Currently he's working on trying to startup a baseball analytics website.
    Thank you for the reply!
    Your Second Base Coach
    Garvey, Lopes, Russell, and Cey started 833 times and the Dodgers went 498-335, for a .598 winning percentage. Thatís equal to a team going 97-65 over a season. On those occasions when at least one of them missed his start, the Dodgers were 306-267-1, which is a .534 clip. That works out to a team going 87-75. So having all four of them added 10 wins to the Dodgers per year.
    http://www.youtube.com/watch?v=p5hCIvMule0

  6. #2186
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    Another thread, going back a ways....

    http://www.baseball-fever.com/showth...-is-it-exactly
    Your Second Base Coach
    Garvey, Lopes, Russell, and Cey started 833 times and the Dodgers went 498-335, for a .598 winning percentage. Thatís equal to a team going 97-65 over a season. On those occasions when at least one of them missed his start, the Dodgers were 306-267-1, which is a .534 clip. That works out to a team going 87-75. So having all four of them added 10 wins to the Dodgers per year.
    http://www.youtube.com/watch?v=p5hCIvMule0

  7. #2187
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    Sam Fuld must view Baseball Fever, because he mentions PCA in this post:

    http://hallofverygood.com/root/15hov...tt-butler.html

  8. #2188
    Quote Originally Posted by Second Base Coach View Post
    No, what I wanted was to go back and read all 2000+ posts (because I wanted to say that I did) and check to see if the metric was ever posted here, and like I suspected, it was NOT.

    I also wanted to see why Matt left. Maybe. I think we have a good idea.

    The only thing that disappointed me was LWF finally got a hold of the file and then failed to follow up with a post on his opinion of the metric.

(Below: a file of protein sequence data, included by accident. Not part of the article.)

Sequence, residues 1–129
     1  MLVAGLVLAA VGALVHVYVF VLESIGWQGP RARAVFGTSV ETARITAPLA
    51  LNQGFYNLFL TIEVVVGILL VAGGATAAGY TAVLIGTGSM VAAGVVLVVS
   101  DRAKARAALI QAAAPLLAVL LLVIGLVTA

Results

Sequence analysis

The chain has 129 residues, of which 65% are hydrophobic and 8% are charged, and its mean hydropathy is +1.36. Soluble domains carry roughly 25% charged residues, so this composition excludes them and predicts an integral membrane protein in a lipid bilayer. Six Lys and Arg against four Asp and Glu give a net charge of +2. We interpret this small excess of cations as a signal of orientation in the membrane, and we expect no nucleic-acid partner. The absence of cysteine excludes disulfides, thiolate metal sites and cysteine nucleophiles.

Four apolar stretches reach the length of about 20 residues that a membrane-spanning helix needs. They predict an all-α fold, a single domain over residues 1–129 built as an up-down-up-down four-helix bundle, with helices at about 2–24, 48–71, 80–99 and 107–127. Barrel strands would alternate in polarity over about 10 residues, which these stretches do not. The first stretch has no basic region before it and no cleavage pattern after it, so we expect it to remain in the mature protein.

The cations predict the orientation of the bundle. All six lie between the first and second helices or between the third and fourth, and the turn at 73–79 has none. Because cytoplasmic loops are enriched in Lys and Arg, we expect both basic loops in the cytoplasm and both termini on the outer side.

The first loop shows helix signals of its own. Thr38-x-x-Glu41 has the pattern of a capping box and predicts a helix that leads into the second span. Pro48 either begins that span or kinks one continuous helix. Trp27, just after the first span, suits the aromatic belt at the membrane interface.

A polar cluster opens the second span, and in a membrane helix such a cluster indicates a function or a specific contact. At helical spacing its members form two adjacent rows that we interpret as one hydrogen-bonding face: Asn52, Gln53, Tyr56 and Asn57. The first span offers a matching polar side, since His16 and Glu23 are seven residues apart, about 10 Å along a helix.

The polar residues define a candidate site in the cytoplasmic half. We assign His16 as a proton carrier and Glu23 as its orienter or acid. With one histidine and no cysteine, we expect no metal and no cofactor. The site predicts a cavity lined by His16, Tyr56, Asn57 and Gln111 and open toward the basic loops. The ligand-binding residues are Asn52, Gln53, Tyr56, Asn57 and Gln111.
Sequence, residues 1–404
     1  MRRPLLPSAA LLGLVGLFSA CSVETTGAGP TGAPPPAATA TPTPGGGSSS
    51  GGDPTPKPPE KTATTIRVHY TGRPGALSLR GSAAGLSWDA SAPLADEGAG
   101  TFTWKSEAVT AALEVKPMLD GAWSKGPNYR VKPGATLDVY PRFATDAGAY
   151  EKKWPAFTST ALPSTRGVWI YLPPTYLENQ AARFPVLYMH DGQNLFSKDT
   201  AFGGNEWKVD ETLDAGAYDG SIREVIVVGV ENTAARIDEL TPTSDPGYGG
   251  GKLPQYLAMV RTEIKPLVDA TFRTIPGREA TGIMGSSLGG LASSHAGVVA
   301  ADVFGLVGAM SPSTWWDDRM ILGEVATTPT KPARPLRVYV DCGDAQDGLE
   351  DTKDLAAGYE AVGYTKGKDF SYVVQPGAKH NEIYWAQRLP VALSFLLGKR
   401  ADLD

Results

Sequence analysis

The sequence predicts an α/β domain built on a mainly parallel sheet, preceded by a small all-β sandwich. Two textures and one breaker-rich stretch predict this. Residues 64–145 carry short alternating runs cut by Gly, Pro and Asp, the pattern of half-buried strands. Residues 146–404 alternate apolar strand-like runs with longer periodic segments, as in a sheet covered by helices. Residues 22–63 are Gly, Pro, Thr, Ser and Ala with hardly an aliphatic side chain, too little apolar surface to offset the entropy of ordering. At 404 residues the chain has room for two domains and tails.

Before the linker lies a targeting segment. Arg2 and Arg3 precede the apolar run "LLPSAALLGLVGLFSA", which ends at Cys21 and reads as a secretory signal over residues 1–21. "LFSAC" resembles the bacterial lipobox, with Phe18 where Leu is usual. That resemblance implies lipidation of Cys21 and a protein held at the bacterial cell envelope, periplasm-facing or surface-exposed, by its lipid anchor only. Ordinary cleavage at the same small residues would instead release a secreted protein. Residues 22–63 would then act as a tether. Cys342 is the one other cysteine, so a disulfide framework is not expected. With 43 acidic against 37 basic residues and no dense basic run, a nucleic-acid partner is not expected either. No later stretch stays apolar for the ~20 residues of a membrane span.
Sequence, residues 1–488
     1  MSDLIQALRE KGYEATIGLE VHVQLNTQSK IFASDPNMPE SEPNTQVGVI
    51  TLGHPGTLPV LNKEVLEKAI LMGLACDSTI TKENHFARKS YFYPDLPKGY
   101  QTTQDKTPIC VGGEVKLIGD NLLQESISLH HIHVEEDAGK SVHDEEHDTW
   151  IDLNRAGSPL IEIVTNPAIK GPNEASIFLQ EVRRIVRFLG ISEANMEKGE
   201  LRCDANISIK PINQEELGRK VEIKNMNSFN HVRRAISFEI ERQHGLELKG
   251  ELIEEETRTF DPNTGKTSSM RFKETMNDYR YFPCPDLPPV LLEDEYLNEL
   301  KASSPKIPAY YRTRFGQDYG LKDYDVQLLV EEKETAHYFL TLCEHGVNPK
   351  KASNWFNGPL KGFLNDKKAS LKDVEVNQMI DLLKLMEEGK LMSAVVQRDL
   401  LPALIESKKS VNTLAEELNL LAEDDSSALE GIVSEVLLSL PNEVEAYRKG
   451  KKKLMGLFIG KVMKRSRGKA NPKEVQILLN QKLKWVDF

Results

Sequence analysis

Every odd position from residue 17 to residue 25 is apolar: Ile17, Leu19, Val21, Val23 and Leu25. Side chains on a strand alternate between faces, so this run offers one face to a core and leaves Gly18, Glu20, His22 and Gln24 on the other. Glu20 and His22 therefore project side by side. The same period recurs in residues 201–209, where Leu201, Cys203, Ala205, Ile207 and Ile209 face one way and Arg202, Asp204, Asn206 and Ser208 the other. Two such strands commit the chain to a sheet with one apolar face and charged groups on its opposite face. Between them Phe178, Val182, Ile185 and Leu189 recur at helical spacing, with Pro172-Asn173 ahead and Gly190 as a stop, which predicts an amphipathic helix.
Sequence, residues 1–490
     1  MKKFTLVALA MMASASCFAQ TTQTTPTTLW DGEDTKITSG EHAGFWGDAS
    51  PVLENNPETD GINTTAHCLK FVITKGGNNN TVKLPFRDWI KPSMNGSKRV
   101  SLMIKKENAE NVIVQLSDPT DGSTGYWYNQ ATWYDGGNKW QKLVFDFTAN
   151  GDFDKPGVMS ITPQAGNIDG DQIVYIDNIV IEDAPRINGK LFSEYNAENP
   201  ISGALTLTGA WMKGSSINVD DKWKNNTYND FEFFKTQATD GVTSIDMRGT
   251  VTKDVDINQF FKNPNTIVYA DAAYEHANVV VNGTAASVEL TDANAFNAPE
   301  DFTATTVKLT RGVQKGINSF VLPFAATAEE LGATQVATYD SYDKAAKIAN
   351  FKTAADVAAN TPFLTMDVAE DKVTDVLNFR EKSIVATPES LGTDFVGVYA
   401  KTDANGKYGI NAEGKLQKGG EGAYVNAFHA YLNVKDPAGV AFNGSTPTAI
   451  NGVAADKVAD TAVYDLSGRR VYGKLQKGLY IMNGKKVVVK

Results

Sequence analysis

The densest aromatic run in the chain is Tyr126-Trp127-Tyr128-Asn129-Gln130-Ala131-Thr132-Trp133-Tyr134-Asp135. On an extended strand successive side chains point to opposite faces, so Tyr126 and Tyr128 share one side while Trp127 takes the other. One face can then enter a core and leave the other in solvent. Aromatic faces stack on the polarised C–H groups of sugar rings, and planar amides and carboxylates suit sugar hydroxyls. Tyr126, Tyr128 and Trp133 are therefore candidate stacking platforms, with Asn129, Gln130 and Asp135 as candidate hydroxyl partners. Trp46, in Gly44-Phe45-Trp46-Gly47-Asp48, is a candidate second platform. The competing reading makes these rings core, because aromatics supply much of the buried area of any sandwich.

That was a big let-down.

    Thank you for the link. I will check that out later this evening.
    I just dropped by to wish everyone a Happy New Year. Lo and behold, I'm being mentioned in a thread. Not unkindly [thank you]
    but kind of having a complaint lodged against me for not sharing my personal reactions to another poster's metric.

    That deserves a response. I won't make it long [heck, I'm even older now than I was back then].

    1.The main reason I didn't respond in a way that would evaluate that metric was that the author of that metric was so wrapped up
    in his own scientific credentials and curriculum vitae relative to probabilities and regression models, that any critique I might
    render might have me defending my own qualifications even to do so. As I recall, my biggest complaint was not so much the metric
    itself, but they way in which it was presented. Fielding or pitching presented numerically as a visual more commonly identified with
    hitting, for example, just [for me] muddies the water.

    2. This proprietary-elite ego and mind-set CAN lead to the conclusion that the only people who are entitled to a MEANINGFUL entry into evaluative